I've heard their description of their daily lives before, so he didn't repeat it. They wake up at 4am to go to the parking lot, where buses arrive representing each of the farms that employ farmworkers. The farmers aren't given regular jobs, so they don't know if they will have work ever day. The reason why they don't have regular jobs, he thinks, is so the employers can make the workers compete in a race to the bottom. The worker who is willing to work in the most degrading conditions for the least pay will be selected to work.
The buses choose their workers for the day, and then drive up to 2 hours away to the fields. There, the workers wait for the dew to dry (although they are not paid for their time as they do this) and then get to work picking tomatoes. They are paid according to the number of 35 lb buckets they fill with tomatoes. A worker must pick 2 tons of tomatoes to make $50 in a day. Real wages for this work have not risen in years. However, the number of employers has gone down as the farms consolidated, and I believe he told me that the price the farmers are paid for the tomatoes (out of which they pay their workers) has gone down.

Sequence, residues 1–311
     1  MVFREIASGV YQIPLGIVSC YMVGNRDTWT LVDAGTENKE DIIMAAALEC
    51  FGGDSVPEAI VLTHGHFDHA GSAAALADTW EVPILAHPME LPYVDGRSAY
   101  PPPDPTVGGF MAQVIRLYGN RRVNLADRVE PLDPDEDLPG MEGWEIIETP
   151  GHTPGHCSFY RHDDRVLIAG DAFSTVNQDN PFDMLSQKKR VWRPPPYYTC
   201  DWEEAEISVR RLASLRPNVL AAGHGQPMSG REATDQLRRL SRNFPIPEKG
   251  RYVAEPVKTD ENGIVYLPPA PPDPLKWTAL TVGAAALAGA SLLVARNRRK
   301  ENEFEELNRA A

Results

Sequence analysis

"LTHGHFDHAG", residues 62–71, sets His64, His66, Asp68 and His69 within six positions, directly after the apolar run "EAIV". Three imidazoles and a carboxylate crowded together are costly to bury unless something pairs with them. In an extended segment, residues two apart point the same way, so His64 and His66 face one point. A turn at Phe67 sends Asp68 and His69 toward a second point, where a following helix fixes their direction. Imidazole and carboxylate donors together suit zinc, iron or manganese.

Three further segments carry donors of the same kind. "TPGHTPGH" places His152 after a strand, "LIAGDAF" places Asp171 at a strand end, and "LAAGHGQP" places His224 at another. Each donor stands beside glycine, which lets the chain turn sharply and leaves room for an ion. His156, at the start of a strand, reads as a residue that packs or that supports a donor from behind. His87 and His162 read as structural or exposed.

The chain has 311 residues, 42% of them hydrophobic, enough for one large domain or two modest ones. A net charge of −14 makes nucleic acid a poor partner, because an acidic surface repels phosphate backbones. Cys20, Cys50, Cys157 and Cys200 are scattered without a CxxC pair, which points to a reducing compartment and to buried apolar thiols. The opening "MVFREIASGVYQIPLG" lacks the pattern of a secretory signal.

I asked if the workers work on crops other than tomatoes. Oh yes, he said. Onions, watermelons, lettuce, citrus, potatoes, all kinds of crops. "And are the workers exposed to pesticides?" I asked. "Do they get sick?" Oh yes, he said. But it doesn't do them any good to run a campaign against the pesticides. Even if the pesticides were gone, the overall system of exploitation would still be in place.
At the end of the day, the workers have spent 14 hours working for little money and only to go home (lousy and crowded though their housing may be) and prepare to do it all again. On holidays, he told me, everyone leaves Immokalee to visit family but the farmworkers stay. He said it's as if everyone understands that the farmworkers don't have a right to go be with their families for holidays. And yet the abundance on everyone's family table at Thanksgiving is due to the work of the farmworkers. How ironic is it that the very people who produce our food can't afford food themselves?